The architectural profession is supported by professional critics who question and examine the context surrounding a particular work, and whether the resulting building meets the needs of both the client and those that will inhabit the space – Robert Hughes being just one example.
Wanting independent critical journalism about web design may seem high-minded, and without the will and the funding, impossible to achieve. Still, it’s one of the few ideas I’ve seen that could free designers from the situation they’ve found themselves.
Like the companies they work for, corporate designers need some form of oversight too.
Until such independent appraisal exists, we need to take it upon ourselves to be more critical and introspective. This shouldn’t be too hard. After all, design is all about questioning what already exists and asking how it could be improved for the better.
What processes can we develop to give us time to properly judge a feature; to consider who it is serving, and if it can be misused? To question those default settings?
Perhaps we need a new set of motivational posters. Rather than “move fast and break things”, perhaps “slow down and ask more questions”.
As digital designers, we tend to suffer from the firewall that exists between us the people who experience our work. Regardless of how much user testing and research we undertake, we rarely get to experience first hand what customers’ day-to-day experience is really like.
One way we can counter this is by building more diverse teams, to bring a greater diversity of experiences, insights and ideas to our products.
Of course, that’s easy to say, but I stand here tonight, in a line-up featuring two white men called Paul! I knew ahead of tonight that this would be the case, but I didn’t ask to speak on another night to allow the line up to be more diverse. Most of the references in this talk have featured men.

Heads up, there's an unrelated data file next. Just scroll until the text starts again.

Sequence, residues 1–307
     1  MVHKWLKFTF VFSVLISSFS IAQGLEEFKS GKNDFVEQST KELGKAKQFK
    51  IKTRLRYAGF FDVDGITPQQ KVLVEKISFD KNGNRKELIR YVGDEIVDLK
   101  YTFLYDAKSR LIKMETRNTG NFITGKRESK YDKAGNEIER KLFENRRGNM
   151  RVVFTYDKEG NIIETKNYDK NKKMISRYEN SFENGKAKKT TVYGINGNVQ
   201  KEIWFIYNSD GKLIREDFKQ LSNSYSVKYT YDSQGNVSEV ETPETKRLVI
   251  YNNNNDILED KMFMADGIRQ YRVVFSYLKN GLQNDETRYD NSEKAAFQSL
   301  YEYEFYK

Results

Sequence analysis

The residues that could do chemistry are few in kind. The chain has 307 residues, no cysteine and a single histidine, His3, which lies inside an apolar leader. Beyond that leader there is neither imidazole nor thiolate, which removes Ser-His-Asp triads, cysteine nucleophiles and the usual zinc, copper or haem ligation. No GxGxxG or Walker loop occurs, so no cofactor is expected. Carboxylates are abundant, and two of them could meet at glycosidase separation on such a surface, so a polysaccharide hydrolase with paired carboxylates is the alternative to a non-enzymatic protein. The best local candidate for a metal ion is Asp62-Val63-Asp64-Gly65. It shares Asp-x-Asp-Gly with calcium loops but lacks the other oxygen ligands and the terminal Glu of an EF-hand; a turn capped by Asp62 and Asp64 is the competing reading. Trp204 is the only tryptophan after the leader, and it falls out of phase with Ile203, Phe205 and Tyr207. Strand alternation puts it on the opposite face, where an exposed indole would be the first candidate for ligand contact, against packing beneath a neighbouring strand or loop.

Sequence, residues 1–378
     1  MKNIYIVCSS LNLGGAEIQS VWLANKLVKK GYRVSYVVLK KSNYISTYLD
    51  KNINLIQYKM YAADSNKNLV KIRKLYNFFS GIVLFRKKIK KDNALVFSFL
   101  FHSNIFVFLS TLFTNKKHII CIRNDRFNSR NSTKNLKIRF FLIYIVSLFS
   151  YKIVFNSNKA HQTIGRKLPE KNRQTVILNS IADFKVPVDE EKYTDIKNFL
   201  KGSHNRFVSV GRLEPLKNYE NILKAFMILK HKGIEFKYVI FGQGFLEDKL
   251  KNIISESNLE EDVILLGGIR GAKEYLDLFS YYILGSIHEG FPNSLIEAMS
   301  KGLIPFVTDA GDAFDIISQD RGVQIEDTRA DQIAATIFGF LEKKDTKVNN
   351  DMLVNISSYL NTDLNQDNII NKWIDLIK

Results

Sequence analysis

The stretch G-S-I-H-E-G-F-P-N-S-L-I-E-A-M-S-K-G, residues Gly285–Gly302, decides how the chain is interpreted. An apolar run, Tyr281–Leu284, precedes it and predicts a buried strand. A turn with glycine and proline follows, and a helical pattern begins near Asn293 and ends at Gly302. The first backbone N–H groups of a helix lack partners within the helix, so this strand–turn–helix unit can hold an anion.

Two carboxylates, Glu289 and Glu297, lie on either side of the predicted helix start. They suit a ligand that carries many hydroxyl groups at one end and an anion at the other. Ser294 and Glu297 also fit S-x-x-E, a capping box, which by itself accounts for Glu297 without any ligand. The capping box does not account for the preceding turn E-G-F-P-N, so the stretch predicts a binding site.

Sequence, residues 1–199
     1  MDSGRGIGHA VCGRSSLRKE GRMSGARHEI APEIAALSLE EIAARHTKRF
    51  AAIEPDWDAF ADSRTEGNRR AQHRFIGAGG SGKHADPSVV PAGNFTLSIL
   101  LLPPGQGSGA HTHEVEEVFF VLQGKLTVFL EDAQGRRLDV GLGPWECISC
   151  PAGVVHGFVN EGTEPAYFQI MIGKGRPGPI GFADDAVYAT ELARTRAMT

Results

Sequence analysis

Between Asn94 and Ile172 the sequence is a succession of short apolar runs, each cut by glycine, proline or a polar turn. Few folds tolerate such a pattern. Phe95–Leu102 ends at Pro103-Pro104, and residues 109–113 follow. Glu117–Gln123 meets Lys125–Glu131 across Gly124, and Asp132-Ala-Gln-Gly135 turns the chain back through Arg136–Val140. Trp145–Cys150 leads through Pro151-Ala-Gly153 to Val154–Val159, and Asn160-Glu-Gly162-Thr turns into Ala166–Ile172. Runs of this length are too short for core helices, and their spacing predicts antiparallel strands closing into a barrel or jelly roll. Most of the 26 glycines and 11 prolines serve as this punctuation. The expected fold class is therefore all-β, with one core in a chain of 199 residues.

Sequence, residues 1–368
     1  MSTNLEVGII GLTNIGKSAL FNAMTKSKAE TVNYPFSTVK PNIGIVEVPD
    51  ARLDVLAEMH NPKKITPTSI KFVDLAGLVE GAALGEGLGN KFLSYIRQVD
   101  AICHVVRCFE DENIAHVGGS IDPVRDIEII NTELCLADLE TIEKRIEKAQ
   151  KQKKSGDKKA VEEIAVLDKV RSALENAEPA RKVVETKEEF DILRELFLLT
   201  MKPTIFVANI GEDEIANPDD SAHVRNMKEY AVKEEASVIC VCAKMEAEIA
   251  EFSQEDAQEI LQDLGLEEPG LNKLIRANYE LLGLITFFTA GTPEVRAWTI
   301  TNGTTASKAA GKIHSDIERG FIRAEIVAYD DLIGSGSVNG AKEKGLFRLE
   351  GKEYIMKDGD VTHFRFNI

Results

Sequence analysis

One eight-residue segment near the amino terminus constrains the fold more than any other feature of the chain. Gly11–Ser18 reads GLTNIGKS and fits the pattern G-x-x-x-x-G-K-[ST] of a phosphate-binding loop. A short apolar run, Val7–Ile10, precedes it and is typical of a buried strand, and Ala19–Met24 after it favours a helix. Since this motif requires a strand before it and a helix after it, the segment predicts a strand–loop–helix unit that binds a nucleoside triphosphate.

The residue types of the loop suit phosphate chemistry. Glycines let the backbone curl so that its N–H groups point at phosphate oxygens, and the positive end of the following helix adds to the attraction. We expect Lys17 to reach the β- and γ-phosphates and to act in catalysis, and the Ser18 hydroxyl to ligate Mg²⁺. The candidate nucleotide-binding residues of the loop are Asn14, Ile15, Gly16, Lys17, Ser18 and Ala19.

The first step is awareness. But to change our culture for the better, we need to take action. Each of us has work to do.
I want to finish tonight with this thought from Mark Zuckerberg:
One of my favorite sayings is that there are two kinds of people: optimists and pessimists. And the saying goes: optimists tend to be successful, and pessimists tend to be right.The idea is that if you think something’s going to be terrible, then you’re going to look for data points that prove you right. And you’re going to find them! That’s what pessimists do.But if you believe something is possible, then you’re going to look for a way to make it work, and even when you make mistakes, even when people doubt you, you’re just going to keep pushing forward until you find a way to make it happen.
We have every reason to be optimistic, but at what point does this optimism become blind? The open and democratic futures we imagined the Internet enabling seem quite distant now. Fantasies of a world accepting of the sort of radical transparency Zuckerberg hoped for hasn’t exactly been met with reality.
As my friend Cennydd likes to says:
Cynicism is like vinegar. A splash helps the taste. But add too much and the sourness overwhelms everything.
We are fortunate that our industry has matured to the point that our clients and employers are large organisations with thousands, if not millions of customers. Focusing on growth, trying to deliver things faster, seeking more data; these priorities are not new. It’s just that the web enables us to achieve them on a larger scale, and so their impact is far greater. This can’t be an excuse for us not to question our role and consider how we protect ourselves from ourselves.
If software is eating the world, then perhaps we should reach for the bottle of vinegar, and add a splash of cynicism. That way, we can all enjoy the resulting meal.